Now that the leaves are turning and the days are growing shorter, if you’re tempted to pack away your gardening gloves…don’t!
At the Regenstein Fruit & Vegetable Garden, we’re as busy as ever. Our cool-weather crops include brussels sprouts, spinach, and toscano kale. Fall is a great time to grow vegetables—insects die off, weeds wither, and moisture is plentiful. If you don’t have much space, remember that you can grow vegetables in containers, window boxes, and hanging baskets.
Don’t say good-bye to your summer garden yet
- Document the good, the bad, and the ugly. Walk around your garden making notes, drawing pictures, and taking photographs; document challenges and successes, problems, tasks, and ideas for next year. Make a list of the plants that worked and should be planted again.
- Bring in twigs, nuts, berries, and seedheads to dry for fall decorations or winter wreath making. Gather the stems into bunches, and secure them with a rubber band. Hang the bunches for several weeks to dry in a warm spot (but out of direct sun).
- Harvest herbs to dry, freeze, or use fresh.
- Lift tender perennial herb plants like rosemary and lavender to replant in pots. Annual basil lasts for several additional weeks in a sunny kitchen window.
Other prep work
- Remove debris such as leaves, clippings, and bits of fruits and vegetables. Garden sanitation is important to remove the overwintering habitat for many insects. Cucumber beetle and squash bugs overwinter on leaf litter and create problems in the spring.
- Perform bed prep and broad forking—break up densely packed soil now to avoid working heavy soils in the spring (when you do so, you further compact the soil and destroy soil structure). Fall prep ensures that the bed will be ready for early peas around St. Patrick’s Day.
- Add organic matter to feed the soil rather than using fertilizers to feed the plant.
- Add mulch, thumb deep, to help maintain soil temperature and moisture.
- Everbearing raspberry bushes produce their fall crop on the top half of the canes. After harvesting, prune out the top half of the plants. The lower half of the canes will produce fruit early next summer.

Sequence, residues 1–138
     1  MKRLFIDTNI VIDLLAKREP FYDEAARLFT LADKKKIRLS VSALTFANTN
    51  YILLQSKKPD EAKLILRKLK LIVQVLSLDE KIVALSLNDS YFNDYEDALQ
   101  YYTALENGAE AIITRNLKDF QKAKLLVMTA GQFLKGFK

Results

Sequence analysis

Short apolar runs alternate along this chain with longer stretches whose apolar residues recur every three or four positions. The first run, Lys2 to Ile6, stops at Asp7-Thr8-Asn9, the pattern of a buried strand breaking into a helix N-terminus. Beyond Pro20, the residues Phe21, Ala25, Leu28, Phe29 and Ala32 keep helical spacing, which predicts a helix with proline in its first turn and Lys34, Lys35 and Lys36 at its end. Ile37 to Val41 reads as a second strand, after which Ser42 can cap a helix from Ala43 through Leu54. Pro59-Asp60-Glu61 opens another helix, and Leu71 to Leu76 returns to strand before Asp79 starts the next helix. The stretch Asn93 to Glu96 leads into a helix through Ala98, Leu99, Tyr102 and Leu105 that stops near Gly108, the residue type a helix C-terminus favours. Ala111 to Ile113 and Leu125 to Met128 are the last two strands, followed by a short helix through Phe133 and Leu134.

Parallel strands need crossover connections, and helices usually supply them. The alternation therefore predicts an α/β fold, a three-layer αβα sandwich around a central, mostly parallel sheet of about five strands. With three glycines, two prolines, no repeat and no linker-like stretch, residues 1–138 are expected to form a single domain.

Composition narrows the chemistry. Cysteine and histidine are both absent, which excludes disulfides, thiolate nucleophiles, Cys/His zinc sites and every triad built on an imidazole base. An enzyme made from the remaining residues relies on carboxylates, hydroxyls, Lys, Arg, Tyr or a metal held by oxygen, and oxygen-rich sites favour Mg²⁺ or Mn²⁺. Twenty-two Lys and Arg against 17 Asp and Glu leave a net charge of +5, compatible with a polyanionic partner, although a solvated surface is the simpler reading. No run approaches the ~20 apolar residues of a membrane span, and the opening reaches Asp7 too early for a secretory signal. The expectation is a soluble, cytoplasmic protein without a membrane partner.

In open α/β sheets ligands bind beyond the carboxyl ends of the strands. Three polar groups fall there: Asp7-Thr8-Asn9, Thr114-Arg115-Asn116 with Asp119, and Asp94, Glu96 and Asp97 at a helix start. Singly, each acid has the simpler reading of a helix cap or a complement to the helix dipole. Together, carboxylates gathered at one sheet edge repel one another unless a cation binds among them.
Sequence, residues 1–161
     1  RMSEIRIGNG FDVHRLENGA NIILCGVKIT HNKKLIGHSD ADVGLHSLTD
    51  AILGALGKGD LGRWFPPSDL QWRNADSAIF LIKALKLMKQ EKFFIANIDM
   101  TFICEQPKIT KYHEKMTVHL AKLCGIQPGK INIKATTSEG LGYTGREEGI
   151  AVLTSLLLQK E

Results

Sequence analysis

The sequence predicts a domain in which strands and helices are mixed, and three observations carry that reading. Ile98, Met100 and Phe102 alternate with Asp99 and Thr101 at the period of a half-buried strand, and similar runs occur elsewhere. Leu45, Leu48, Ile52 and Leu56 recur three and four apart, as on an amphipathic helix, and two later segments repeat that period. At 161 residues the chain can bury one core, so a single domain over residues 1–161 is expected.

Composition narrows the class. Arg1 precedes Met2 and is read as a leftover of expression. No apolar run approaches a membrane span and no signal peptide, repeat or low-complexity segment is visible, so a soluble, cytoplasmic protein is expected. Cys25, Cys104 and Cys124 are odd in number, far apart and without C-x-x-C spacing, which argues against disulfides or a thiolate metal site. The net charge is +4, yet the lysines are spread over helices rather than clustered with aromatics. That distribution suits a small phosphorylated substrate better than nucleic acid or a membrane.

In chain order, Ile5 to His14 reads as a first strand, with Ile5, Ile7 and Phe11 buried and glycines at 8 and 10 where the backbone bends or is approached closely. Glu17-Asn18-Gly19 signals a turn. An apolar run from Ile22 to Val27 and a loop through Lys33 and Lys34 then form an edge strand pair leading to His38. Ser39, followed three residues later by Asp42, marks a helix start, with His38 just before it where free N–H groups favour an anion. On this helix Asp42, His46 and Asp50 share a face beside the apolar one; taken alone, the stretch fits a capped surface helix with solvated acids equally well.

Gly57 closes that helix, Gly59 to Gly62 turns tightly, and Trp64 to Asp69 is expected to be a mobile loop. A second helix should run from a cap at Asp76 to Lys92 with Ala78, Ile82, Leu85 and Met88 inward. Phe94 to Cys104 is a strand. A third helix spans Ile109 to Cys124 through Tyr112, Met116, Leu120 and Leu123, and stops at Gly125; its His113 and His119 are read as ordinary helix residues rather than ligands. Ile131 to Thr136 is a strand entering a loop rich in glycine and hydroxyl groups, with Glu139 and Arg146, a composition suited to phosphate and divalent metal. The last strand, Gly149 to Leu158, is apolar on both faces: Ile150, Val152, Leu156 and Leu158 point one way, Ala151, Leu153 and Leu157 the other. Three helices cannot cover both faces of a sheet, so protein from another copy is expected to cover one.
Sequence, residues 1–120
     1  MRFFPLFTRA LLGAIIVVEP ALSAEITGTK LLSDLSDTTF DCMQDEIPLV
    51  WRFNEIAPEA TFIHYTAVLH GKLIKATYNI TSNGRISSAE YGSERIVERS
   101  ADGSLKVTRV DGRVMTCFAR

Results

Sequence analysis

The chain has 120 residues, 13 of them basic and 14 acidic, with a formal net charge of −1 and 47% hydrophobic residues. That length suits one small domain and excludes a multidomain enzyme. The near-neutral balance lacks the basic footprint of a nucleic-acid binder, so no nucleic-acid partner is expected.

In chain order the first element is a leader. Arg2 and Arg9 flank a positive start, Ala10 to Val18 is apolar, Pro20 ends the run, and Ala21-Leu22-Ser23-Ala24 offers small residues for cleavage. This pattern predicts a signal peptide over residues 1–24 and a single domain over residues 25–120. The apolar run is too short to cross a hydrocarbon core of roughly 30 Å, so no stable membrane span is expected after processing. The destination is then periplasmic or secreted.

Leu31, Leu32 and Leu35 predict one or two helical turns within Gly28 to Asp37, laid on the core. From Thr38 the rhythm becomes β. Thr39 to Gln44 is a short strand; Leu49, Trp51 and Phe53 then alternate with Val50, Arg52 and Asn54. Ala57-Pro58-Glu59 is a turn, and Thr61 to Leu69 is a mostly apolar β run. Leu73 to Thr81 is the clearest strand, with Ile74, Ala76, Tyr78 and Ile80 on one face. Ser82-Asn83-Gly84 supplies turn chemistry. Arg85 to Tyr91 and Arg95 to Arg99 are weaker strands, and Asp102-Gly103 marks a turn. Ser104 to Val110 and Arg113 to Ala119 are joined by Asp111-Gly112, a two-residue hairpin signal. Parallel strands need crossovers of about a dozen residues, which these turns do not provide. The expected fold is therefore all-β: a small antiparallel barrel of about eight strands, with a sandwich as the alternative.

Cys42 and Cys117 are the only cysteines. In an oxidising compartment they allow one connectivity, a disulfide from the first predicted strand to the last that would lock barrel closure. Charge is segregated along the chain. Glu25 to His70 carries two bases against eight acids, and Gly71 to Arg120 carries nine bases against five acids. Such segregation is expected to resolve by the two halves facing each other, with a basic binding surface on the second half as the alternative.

- As you harvest, remember to save seeds for next season! Got extra? Join us for our annual Seed Swap.
Plant cool season crops
- Short-season crops and salad plants—radish, spinach, arugula, lettuce, mustard, mizuna, and tatsoi—should be sown 30 to 40 days before the first frost (roughly October 15 in Chicago-area suburbs and a bit later downtown).
- Plant cool-season herbs like parsley (flat or curly), chervil, cilantro, and edible flowers such as calendula and nasturtium.
- Get edible bulbs—such as garlic bulbs, shallot, and onion sets (small onions for planting)—into the ground by Halloween; they’ll be ready for harvest in July.
- Harvest hardy vegetables after the first frost, when they become sweeter—kale, brussels sprouts (remove the tops of the plants in early September), cabbage, broccoli, collard greens, and cauliflower.
- Harvest warm-season vegetables, including winter squash and pumpkins, before the first frost. Don’t let the first frost touch your peppers and tomatoes; if they’re still green, they’ll ripen a bit indoors.
- Think about ways to extend the growing season—with row covers, garden blankets over raised beds, cold frames, etc.
For more ideas or inspiration, drop by the Fruit & Vegetable Garden (in October, come see the giant pumpkins on display). Did I mention that fall is a good time to plant fruit trees for spring blooms and fruit? Plant the trees in cooler weather, under less stress—and they’ll be ready to soar in the spring.
For more seasonal gardening tips, tune into my weekly Saturday morning audio podcast on news radio WBBM. Get past tips online at chicago.cbslocal.com/audio/gardening-tips.